merging of voiced and breathy-voiced stops, and /a/ and /o/, in various "northern" languagesBartholomae's law in Indo-Iranian, and Sievers' law in Proto-Germanic and (to some extent) various other branches, may or may not have been common Indo-European features. A number of innovations, both phonological and morphological, represent areal features common to the Italic and Celtic languages; among them the development of labiovelars to labial consonants in some Italic and Celtic branches, producing "p-Celtic" and "q-Celtic" languages (likewise "p-Italic" and "q-Italic", although these terms are less used). Another grouping with many shared areal innovations comprises Greek, Indo-Iranian, and Armenian; among its common phonological innovations are Grassmann's law in Greek and Indo-Iranian, and weakening of pre-vocalic /s/ to /h/ in Greek, Iranian and Armenian.

Jan Ø. Jørgensen

Jan Østergaard Jørgensen (born December 31, 1987 in Aalborg) is a male badminton player from Denmark. He plays in the Denmark Badminton league representing SIF (Skovshoved).

He is married to the Danish Handball player Stine Jørgensen.

KPS 9566

KPS 9566 is a North Korean standard which specifies an ISO 2022-compliant 94x94 two-byte coded character set for the Chosŏn'gŭl (Hangul) writing system used for the Korean language.

First published in 1993, it has since undergone several revisions in 1997, 2000 and 2003, mainly to enhance compatibility with Unicode. These are commonly indicated by specifying the year (KPS 9566-97, 9566-2000 and 9566-2003).

In principle, KPS 9566 is similar to the South Korean KS X 1001 encoding, except that it uses a different ordering of characters to conform with North Korean lexicographical ordering standards. It is also notable for its inclusion of several special characters from North Korean political life, including the following:

the logo of the Workers' Party of Korea, uncircled and circled (code points 12-01 and 12-02);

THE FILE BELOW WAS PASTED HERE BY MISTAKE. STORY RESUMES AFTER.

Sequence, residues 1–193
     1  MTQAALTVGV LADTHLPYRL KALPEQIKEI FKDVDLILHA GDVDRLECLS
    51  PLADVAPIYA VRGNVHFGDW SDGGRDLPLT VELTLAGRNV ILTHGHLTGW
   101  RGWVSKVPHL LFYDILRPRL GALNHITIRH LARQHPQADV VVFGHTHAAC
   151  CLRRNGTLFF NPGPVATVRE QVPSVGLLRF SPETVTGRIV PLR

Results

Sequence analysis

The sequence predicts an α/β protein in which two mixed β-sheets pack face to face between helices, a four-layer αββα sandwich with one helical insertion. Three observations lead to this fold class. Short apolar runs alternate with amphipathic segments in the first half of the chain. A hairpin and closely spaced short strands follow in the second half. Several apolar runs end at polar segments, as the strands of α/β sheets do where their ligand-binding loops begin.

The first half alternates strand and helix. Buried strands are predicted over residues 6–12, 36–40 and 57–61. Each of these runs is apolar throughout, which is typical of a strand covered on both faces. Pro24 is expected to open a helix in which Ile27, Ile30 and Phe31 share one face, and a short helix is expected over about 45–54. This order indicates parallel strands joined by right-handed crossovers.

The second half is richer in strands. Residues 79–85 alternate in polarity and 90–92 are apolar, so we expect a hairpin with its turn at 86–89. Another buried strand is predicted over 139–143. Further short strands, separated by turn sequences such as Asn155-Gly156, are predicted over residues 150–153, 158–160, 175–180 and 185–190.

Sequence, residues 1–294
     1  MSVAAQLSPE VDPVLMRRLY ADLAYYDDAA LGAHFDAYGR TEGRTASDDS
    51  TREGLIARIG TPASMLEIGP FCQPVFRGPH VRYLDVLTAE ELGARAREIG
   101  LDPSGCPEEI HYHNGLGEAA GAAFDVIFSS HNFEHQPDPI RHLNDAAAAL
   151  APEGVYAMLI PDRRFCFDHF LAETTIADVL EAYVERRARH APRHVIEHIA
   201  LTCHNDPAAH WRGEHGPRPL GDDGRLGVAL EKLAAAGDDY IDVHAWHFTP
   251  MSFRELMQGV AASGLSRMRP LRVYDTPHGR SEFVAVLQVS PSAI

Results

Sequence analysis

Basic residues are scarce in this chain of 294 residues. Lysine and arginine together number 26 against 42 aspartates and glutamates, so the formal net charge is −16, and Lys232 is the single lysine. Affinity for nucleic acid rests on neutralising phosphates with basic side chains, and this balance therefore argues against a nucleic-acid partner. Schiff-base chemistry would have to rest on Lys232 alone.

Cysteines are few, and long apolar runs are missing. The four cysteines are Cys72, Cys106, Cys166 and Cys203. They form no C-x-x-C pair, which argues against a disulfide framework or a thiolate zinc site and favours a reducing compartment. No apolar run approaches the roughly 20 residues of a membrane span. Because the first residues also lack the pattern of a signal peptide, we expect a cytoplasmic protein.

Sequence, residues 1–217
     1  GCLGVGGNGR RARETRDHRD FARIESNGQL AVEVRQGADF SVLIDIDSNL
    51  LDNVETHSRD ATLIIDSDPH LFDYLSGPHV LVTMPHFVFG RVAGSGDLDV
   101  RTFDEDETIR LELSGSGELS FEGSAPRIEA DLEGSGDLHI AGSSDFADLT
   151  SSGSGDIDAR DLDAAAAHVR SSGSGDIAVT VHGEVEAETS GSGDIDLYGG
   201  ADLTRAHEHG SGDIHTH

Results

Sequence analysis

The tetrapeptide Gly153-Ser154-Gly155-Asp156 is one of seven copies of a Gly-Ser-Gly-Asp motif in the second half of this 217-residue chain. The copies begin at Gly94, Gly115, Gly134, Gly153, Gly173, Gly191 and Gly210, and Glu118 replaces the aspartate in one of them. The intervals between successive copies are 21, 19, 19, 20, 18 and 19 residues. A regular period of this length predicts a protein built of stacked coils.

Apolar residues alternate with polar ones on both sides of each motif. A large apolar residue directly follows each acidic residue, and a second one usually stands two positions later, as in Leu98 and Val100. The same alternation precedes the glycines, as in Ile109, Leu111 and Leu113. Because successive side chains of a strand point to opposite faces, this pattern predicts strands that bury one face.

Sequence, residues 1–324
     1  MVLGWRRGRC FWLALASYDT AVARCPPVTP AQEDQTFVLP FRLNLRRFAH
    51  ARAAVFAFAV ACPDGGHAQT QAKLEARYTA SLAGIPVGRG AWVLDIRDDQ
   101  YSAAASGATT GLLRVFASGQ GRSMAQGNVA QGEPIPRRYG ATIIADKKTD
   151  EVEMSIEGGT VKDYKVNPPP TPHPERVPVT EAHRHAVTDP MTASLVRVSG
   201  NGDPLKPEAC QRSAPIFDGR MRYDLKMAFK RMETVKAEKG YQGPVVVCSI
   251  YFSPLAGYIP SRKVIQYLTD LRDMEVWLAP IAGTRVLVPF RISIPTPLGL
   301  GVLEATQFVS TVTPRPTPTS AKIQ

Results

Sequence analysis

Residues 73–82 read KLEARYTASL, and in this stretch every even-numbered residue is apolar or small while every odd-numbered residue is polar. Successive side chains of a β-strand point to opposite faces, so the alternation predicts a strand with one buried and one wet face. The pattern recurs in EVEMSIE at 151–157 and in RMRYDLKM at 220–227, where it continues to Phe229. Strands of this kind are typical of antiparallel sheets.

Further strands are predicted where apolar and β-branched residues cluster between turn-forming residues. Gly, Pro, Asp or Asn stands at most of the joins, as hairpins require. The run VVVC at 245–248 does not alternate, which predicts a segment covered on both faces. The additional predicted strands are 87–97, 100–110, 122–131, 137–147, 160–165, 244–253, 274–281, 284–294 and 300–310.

and two groups of three special-purpose characters which spell out the names of the North Korean leaders Kim Il-sung (김일성) and Kim Jong-il (김정일) respectively, in a special decorative font (code points 04-72 to 04-74 and 04-75 to 04-77, respectively). The syllables for Kim and Il, which are identical in the spelling of both names, are encoded twice.Due to these special characters, there is currently no full round-trip compatibility between KPS 9566 and Unicode. This would require adding these characters to the Universal Character Set, which the Unicode Consortium refused in 2000.

KS X 1001

KS X 1001 (Hankuk Gyugyeok Munja Pyo for Information Interchange), formerly called KS C 5601, is a South Korean coded character set standard to represent hangul and hanja characters on a computer.

KS X 1001 is encoded by the most common legacy (pre-Unicode) character encodings for Korean, including EUC-KR and Microsoft's Unified Hangul Code (UHC). It contains Korean Hangul syllables, CJK ideographs (Hanja), Greek, Cyrillic, Japanese (Hiragana and Katakana) and some other characters.

KS X 1001 is arranged as a 94×94 table, following the structure of 2-byte code words in ISO 2022 and EUC. Therefore, its code points are pairs of integers 1–94. However, some encodings (UHC and JOHAB), in addition to providing codes for every code point, provide additional codes for characters otherwise representable only as code point sequences.

Kangeq

Kangeq or Kangek (Kalaallisut: "Promontory") is a former settlement in the Sermersooq municipality in southwestern Greenland. It is located on the same island that formed the first Danish colony on Greenland between 1721 and 1728.

Kiatassuaq Island

Kiatassuaq Island (old spelling: Kiatagssuaq, Danish: Holm Ø, Holm Island) is an uninhabited island in the northern Upernavik Archipelago in the Qaasuitsup municipality in northwestern Greenland. It marks the southern border of Melville Bay.

Kiataussaq Island

Kiataussaq Island (Danish: Amdrup Ø) is an uninhabited island in the Qaasuitsup municipality in northwestern Greenland.

List of Ligue 1 records and statistics